In the adjuvant treatment setting, 43% (95% CI: 37-49%) of recommendations changed following review of the GC test results (Table 3). Specifically, among case evaluations with a pre-GC recommendation involving treatment, 27% (95% CI: 19-35%) of recommendations changed to observation post-GC. Notably, for case evaluations with a pre-GC recommendation of radiation alone (n=100), 31% (95% CI: 22-41%) changed to observation post-GC (Table 3). Among the case evaluations where observation was initially chosen (n=114), treatment was recommended for 37% of case evaluations post-GC, primarily in favor of radiation therapy alone (37/42). This can be visualized in Figure 1, which shows how in comparison to pre-GC, post-GC urologists’ recommendations for observation or treatment (radiation and/or hormones) aligned to a high degree with the risk assigned by the GC test. Detailed results for all possible combinations of pre- and post-GC treatment recommendations are provided in Supplementary Table S1.

Table 3: Effect of the GC test result on urologists treatment recommendations post radical prostatectomy.

Treatment Recommendation

Adjuvant

Salvage

Pre-GC

Post-GC

Pre-GC N

Change N (%)

95% CI

Pre-GC N

Change N (%)

95% CI

Overall

Any Change

240

103 (43%)

37-49%

180

95 (53%)

45-60%

Observation

Any Treatment

114

42 (37%)

28-46%

31

19 (61%)

42-78%

Radiation

114

37 (32%)

24-42%

31

12 (39%)

22-58%

Hormone therapy

114

4 (4%)

1-9%

31

0 (0%)

Radiation + Hormone therapy

114

1 (0.9%)

0-5%

31

7 (23%)

10-41%

Other*

114

1 (1%)

0-5%

31

2 (7%)

0.8-21%

Any Treatment

Observation

125

34 (27%)

19-35%

143

23 (16%)

11-23%

Radiation

Observation

100

31 (31%)

22-41%

82

11 (13%)

7-23%

Hormone therapy

Observation

1

1 (100%)

3-100%

6

1 (17%)

0.4-64%

Radiation + Hormone therapy

Observation

24

2 (8%)

1-27%

55

11 (20%)

10-33%

Other*

Observation

1

1 (100%)

3-100%

6

0 (0%)

*In the advjuant setting, 'other' treatment recommendations included: "recheck path" and "medical oncologist and radiation oncologist consult"

*In the salvage setting 'other' treatment recommendations included: "DRE, imaging" x3, "DRE, imaging, possible referral to radiation oncologist" x2, and "referral to medical oncologist"

Breakdown of treatment recommendations pre-GC and post-GC for low and high GC risk groups in the adjuvant setting.

Figure 1: Breakdown of treatment recommendations pre-GC and post-GC for low and high GC risk groups in the adjuvant setting. Pre-GC treatment recommendations shown on left, post-GC treatment recommendation shown on right. Numbers indicate the % of patient cases for which a specific treatment recommendation was made in the respective GC group (100% for each GC risk group).

In the salvage setting, treatment recommendations changed 53% (95% CI: 45-60%) of the time (Table 3). Among case evaluations with a pre-GC recommendation involving treatment (n=143), 16% (95% CI: 11-23%) changed to observation post-GC. Expectedly, there were fewer pre-GC recommendations of observation (n=31) for case evaluations with BCR. Of these, 61% (n=19) were recommended to change from observation to involve treatment post-GC with radiation alone (n=12) or in combination with hormonal therapy (n=7) (Table 3). Similar to the analysis of the adjuvant setting above, we observe a trend that shows alignment of observation versus treatment recommendations with the risk assigned by the GC test, even though treatment recommendation rates were higher overall in the salvage setting (Figure S1).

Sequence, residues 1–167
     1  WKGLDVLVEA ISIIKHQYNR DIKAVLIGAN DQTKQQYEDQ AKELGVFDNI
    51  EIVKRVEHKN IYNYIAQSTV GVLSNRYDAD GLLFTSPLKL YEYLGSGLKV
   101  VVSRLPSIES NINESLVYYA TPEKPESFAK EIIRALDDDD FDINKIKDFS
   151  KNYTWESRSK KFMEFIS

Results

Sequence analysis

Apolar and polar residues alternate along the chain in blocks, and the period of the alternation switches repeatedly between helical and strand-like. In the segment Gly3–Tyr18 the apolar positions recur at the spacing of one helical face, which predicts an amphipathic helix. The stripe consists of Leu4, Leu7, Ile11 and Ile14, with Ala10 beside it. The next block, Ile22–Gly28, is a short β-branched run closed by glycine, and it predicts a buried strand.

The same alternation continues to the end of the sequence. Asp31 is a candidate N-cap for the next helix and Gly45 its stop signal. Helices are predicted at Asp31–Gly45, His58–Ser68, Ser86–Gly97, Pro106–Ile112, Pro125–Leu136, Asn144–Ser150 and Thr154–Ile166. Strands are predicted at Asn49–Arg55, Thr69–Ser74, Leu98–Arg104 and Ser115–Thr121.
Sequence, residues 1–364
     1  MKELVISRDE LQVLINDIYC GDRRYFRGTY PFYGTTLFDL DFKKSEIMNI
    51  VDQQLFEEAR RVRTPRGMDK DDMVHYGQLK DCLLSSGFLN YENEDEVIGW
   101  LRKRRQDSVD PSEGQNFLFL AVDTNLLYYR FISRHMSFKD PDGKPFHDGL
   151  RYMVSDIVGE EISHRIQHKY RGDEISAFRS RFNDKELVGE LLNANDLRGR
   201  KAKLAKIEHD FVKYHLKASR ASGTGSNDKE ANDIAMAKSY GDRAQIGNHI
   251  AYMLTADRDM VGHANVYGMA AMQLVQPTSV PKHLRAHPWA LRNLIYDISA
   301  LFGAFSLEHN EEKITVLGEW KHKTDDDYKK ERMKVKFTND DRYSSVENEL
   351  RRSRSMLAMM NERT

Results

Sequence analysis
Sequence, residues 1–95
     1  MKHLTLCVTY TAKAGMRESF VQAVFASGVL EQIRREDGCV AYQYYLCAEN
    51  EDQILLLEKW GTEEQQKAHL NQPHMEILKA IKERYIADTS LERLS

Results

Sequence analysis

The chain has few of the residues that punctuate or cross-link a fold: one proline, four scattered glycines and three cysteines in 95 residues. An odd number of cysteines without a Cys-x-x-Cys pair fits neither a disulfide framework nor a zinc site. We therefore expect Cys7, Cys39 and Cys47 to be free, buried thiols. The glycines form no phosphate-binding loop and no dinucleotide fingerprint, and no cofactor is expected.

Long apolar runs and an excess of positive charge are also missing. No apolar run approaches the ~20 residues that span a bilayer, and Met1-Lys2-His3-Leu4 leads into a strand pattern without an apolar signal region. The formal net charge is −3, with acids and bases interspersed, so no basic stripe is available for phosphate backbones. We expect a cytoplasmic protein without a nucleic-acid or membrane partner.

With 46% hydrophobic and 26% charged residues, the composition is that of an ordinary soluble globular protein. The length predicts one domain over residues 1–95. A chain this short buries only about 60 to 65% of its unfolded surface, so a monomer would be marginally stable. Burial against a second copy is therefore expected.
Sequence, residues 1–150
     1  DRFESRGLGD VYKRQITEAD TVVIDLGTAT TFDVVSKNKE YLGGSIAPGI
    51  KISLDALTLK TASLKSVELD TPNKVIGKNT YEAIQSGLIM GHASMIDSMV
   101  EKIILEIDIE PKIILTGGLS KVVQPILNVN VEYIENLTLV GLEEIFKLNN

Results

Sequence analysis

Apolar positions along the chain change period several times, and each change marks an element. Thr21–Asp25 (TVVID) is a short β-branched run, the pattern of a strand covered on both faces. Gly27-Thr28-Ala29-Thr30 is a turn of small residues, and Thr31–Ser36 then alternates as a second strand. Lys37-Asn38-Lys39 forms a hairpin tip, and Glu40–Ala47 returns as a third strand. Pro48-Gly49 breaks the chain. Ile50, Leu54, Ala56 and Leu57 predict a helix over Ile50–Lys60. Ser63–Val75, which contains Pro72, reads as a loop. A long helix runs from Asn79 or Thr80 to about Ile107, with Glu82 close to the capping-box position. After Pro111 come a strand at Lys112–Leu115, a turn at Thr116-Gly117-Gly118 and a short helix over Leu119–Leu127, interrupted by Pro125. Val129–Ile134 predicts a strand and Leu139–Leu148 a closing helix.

Results were virtually unchanged when the possible correlation of recommendations from the same urologist (i.e. intra-observer correlation) were accounted for (refer to Supplementary Material).

To further examine the impact of the relationships between clinical variables and the GC test results on urologists’ treatment recommendations, we evaluated the proportion of urologists recommending treatment pre- and post-GC over the complete set of case evaluations, as well as within individual clinical variables for high and low GC risk patients (Table S2). GC risk was established based on whether the predicted probability of developing metastasis was above (high GC risk) or below (low GC risk) the average risk for the original study population (see methods). Overall, in the adjuvant setting, treatment was recommended 52% of the time pre-GC. Post-GC, those with a low GC risk were recommended treatment only 21% of the time (i.e., 79% recommended to observation) compared to those with a high GC risk who were recommended treatment 90% of the time (p < 0.0001). Similarly, in the salvage setting, the overall proportion of treatment recommendation was 79% pre-GC, but post-GC fell to 75% in the low GC risk group and rose to 85% in the high-risk GC group (p = 0.031).